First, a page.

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Stephen Curry, Warriors beat Cavaliers in overtime in Game 1

Stephen Curry of the Golden State Warriors celebrates

Stephen Curry of the Golden State Warriors celebrates in the fourth quarter against the Cleveland Cavaliers during Game One of the 2015 NBA Finals at ORACLE Arena on June 4, 2015 in Oakland, Calif. Credit: Getty Images / Ezra Shaw

OAKLAND, Calif. - Stephen Curry put up one finger and pumped his right fist a few times before disappearing into one of the tunnels inside Oracle Arena, probably feeling as if he had been in a 12-round bout.

At least he survived. Looks as if the same can't be said for Cavaliers guard Kyrie Irving.

In a game the Cavaliers felt they should have won in regulation, they watched their floor general limp off the court in the final minutes of their 108-100 overtime loss to the Warriors Thursday night in the opener of the best-of-seven NBA Finals.

Afterward, Cleveland's futility in overtime -- the Cavs misfired on their first 10 shots and were outscored 10-2 in OT -- was the furthest thing from its mind.

There was legitimate concern for Irving, who battled through a strained right foot and tendinitis in his left knee to post 23 points, seven rebounds and six assists before limping off the court in the waning minutes of overtime after aggravating his left leg injury on a non-contact play. The team said he will undergo an MRI Friday morning and that his status for Sunday's Game 2 here will be updated once they have a better idea of what's going on.

"Obviously, you can see the tone in my voice; I'm a little worried," Irving told reporters before leaving the arena on crutches. " . . . It's a little disappointing, a little frustrating, because coming in, I felt amazing."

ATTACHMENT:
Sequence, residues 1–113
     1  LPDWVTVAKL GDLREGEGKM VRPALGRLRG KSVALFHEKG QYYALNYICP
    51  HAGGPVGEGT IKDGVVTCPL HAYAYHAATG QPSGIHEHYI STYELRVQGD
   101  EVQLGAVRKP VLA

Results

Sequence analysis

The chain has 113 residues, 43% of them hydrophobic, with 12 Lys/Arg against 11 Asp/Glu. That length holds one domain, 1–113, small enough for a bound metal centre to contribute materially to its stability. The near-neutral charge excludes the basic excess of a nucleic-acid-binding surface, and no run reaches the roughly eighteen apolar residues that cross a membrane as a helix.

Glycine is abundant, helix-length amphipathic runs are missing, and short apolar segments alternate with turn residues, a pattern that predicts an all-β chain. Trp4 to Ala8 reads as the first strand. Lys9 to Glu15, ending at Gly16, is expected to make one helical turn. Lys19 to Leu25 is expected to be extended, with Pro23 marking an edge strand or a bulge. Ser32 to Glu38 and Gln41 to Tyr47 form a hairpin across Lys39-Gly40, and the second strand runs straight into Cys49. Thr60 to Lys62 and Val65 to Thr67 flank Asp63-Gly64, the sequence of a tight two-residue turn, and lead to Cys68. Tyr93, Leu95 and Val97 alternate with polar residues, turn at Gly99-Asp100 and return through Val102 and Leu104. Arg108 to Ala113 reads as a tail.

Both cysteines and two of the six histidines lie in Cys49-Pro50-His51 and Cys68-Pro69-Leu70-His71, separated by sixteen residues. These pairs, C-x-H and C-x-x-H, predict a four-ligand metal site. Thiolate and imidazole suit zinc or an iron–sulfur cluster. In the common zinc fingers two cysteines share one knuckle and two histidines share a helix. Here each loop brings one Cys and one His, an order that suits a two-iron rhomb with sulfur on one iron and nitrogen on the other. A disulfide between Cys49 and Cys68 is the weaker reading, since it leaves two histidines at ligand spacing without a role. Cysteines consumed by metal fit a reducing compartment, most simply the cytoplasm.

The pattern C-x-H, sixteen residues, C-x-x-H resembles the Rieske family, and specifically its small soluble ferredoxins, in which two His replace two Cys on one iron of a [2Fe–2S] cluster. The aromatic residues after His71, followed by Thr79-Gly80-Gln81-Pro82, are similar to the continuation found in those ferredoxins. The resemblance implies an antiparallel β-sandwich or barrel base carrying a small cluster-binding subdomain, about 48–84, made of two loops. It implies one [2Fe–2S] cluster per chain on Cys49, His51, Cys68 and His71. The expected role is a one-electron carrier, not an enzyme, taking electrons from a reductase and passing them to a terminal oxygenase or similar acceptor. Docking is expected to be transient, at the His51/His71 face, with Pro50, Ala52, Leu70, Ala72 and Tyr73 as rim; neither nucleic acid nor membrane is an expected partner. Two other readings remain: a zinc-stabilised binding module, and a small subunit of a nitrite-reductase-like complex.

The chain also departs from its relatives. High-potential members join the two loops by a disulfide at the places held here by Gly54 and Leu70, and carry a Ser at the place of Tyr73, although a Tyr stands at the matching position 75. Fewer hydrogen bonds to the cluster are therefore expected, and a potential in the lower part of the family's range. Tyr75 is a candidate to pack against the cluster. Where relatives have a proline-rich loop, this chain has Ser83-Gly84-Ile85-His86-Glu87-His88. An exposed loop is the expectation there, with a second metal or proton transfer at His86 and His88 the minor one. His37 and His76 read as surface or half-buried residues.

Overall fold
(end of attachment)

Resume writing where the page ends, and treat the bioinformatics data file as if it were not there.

LeBron James did just about everything he could to lift the Cavaliers to greater heights in this one, scoring 44 points -- a high-water mark for him in the NBA Finals -- and adding eight rebounds and six assists. He also had a golden opportunity to win it in regulation after Curry (26 points) had his layup blocked from behind by Irving with 24.9 seconds left. But he couldn't shake Andre Iguodala and his tough 18-foot jumper caromed off the rim with 3.8 seconds left.

After grabbing the rebound, the Cavaliers' Iman Shumpert, playing in his first NBA Finals alongside another former Knick in J.R. Smith, fired off a desperation heave almost in one motion, and it rattled out to a collection of gasps from the sellout crowd. That sent the game to overtime.

"My mindset was we're either going to go out of here with a win or going into overtime," James said. "I'm going to get the last shot. Actually, Shumpert was able to get another look at it, but I got to where I wanted to get, step back, made them before. We had our chances."

Shumpert lamented his missed potential game-winner.

"I didn't have any time to set my feet and I missed the shot," he said. " . . . Without a doubt, I thought it was good. But I missed the shot."

One of the big questions during the last eight days centered around the health of Irving and just how effective he'd be, given that he'd had been battling an assortment of injuries. It didn't take long at all to see he was feeling good enough to give the Warriors fits early. Irving had nine points, four rebounds, three assists and a pair of steals in the first half, engineering Cleveland's offense beautifully and displaying his trademark quickness and ballhandling that make him such a tough cover.

But that all was long forgotten as he limped badly around the locker room afterward. His father even slammed the trainer's door upon exiting in obvious frustration for his son.

"Well, I mean, it's the next man up," James said. "If Kyrie can't go, Delly's [Matthew Dellavedova's] number is going to be called and everyone else has to pick each other up. They outscored us 35-9 on bench points. But, you know, we still had a chance to win. We had a few miscues defensively. Had a couple of turnovers offensively, but we were right there. Like I said, they just made a couple more plays than we made."

New York Sports